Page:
Should either man come through in the final stretches this time around - Johnson shared the lead going into Saturday's suspension - there would be few lining the Links Road who would begrudge them the triumph.
The charming film of that name may have been set on the western coast of Scotland rather than the east of St Andrews, but in Paul Lawrie's inconspicuous stroll into contention over the first few days is a tale with just the same emotional resonance.
Lawrie's Open triumph 20 miles to the north at Carnoustie in 1999 is still unfairly asterisked in the minds of some, partly because he had never led or even shared the lead during the regulation 72 holes, partly because it is an Open remembered as much for Jean van de Velde tossing away a three-shot lead on the final hole.
That is both unfair on the Lawrie of that single day - who had been 10 shots off the lead as he began his final round - and the golfer he has been over his fuller career.
Aged 46, he is currently clear in third place, a single shot off the lead. He has been the best supported golfer on the links over the first few days; if he is still there come Monday's delayed denouement, expect a noise to exceed anything heard on a sun-kissed Sunday evening.
Spieth's greatest test
Jordan Spieth arrived on Scotland's exposed east coast looking to become the first man since Ben Hogan in 1953 to win the first three majors of the year.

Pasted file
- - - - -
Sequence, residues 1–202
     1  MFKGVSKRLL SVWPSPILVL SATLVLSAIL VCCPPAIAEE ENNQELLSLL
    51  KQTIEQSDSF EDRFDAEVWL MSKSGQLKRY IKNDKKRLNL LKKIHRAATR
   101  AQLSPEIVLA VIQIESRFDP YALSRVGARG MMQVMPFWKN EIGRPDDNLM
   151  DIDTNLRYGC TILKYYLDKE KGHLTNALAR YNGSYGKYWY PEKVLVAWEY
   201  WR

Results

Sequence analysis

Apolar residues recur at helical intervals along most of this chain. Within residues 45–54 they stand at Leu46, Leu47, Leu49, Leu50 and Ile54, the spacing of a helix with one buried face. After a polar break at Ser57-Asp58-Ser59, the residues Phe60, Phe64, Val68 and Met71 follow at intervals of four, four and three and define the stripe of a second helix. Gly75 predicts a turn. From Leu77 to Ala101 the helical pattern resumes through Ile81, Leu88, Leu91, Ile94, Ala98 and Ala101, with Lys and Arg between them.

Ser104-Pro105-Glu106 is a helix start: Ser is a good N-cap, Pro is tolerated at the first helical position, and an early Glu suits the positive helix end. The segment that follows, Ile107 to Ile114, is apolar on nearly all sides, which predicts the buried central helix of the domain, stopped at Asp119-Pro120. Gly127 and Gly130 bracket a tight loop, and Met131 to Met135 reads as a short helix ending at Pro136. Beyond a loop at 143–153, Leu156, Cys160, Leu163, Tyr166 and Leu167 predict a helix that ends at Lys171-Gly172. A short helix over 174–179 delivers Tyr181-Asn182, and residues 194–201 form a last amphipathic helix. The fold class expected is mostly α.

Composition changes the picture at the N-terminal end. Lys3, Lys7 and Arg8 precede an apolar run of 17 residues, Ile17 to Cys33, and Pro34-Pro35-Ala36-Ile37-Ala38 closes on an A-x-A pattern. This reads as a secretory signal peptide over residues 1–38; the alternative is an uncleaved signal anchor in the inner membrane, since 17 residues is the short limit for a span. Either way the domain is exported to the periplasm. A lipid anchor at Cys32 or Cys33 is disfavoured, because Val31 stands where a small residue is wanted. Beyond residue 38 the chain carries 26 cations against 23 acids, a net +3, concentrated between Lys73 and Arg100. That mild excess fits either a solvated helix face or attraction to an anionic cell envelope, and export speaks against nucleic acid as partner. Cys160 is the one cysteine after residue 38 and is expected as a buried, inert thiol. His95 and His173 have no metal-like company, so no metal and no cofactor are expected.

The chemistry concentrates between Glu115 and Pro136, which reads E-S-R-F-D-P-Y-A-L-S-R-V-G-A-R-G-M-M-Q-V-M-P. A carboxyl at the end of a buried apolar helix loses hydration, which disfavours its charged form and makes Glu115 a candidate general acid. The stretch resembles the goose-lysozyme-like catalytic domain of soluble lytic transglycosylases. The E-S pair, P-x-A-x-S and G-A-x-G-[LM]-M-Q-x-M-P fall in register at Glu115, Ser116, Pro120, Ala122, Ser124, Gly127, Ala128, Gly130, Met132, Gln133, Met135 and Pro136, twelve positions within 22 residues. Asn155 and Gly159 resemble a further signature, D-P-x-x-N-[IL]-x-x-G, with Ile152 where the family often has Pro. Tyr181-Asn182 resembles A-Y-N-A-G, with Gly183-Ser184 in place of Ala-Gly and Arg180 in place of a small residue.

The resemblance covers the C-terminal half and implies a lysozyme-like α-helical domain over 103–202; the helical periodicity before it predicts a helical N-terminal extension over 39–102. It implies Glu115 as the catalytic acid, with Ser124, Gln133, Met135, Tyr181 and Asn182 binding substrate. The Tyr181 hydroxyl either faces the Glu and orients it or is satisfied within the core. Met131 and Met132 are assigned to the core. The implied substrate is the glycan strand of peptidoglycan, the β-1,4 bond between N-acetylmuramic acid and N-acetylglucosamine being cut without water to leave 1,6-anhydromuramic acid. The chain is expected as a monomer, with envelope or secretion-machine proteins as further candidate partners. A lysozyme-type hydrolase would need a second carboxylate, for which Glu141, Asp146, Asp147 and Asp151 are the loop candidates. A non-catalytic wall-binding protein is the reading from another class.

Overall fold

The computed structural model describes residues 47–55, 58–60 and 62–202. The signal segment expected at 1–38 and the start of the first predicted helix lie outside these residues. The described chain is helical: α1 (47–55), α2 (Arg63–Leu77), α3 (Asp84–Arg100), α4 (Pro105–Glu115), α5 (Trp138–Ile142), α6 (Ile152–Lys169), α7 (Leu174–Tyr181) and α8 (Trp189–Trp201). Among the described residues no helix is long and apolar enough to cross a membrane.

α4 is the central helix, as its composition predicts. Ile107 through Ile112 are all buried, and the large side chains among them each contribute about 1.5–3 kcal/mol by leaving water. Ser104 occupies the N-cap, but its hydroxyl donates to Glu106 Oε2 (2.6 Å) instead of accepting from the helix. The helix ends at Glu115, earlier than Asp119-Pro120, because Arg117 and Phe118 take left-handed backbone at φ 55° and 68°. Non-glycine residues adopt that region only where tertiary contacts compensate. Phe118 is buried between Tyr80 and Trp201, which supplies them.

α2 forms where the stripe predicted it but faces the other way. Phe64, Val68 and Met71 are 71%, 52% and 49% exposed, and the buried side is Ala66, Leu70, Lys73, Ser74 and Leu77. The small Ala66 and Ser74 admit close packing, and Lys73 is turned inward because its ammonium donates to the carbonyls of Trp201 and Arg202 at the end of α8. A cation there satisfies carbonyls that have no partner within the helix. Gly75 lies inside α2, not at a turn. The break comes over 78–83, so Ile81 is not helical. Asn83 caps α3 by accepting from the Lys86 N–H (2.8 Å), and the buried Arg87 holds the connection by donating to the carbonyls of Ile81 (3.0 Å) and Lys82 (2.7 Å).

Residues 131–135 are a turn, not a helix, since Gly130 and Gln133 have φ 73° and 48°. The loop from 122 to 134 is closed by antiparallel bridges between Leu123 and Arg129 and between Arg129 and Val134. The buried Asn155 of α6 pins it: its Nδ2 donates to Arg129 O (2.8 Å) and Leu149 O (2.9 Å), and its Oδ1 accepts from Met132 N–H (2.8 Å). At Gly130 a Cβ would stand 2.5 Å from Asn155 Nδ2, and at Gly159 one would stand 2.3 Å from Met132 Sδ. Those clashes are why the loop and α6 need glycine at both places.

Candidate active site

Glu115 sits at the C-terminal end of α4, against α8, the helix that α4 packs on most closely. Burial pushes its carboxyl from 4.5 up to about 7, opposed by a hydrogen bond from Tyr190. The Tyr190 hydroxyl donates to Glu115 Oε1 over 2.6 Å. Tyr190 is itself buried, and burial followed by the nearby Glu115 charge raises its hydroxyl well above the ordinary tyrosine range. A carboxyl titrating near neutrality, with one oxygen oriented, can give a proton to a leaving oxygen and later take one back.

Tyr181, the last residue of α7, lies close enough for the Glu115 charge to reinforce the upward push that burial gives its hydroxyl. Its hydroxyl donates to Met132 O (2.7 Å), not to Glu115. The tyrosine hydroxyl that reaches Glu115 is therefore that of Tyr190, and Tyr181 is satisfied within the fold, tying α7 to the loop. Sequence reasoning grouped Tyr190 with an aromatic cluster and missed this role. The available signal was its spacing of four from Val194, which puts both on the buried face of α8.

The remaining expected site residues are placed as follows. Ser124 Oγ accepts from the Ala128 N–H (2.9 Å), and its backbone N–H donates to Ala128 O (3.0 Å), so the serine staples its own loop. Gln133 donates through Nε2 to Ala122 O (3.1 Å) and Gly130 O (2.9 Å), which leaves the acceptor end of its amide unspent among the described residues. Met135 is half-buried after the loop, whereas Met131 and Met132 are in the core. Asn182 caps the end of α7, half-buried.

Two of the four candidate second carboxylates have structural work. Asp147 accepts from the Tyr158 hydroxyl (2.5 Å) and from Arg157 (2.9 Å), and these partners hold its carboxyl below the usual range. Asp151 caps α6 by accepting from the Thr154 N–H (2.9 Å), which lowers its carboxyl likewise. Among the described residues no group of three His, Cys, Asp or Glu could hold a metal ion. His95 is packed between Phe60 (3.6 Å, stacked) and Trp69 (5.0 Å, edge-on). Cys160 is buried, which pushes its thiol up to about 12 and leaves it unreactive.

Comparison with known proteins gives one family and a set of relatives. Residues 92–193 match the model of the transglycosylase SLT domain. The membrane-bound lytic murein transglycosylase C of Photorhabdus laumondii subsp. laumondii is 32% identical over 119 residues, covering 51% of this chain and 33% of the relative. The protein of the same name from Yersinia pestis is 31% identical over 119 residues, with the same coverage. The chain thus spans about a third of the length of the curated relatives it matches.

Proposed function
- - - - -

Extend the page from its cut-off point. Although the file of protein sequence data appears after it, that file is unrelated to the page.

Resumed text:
That in itself has been a storyline to hang a championship on, even if the prospect of the 21-year-old then going on to become the first man to complete the Grand Slam in a year in the professional era is something for another day.
Spieth learned the game in the high winds of Texas. But he has never had to deal with the sort of conditions he has experienced here over the first few days, and watching such a talent flex under the fresh strain has told us almost as much about his fortitude as his performances under pressure at Augusta and Chambers Bay earlier in the year.
On Friday night he was clearly upset by the wobbles in his usually peerless putting. On Saturday morning he was heard complaining to playing partner Johnson that they should never have begun again.
And yet he is still lurking, still within four shots of the lead, still within touching distance of something no man his age has ever achieved.
Even as many grizzled old pros struggled with St Andrews' weather on Thursday and Friday, men without their experience, wealth or billing found success amid the puddles and gusts.
Irish amateur Paul Dunne was three shots off the lead and safely in the clubhouse. Frenchman Romain Langasque was five under, American Jordan Niebrugge four under.
Those three amateurs are unlikely to be in the final reckoning come Monday. But each has already embossed the week: Niebrugge, the 21-year-old kid from Oklahoma State University, matching Spieth's first-round score; 22-year-old Dunne even leading in the early holes of Thursday morning.
"It's kind of a novelty thing for when I'm 70 years old," Dunne said afterwards, "sitting in a bar, having a pint, maybe telling someone that I led The Open."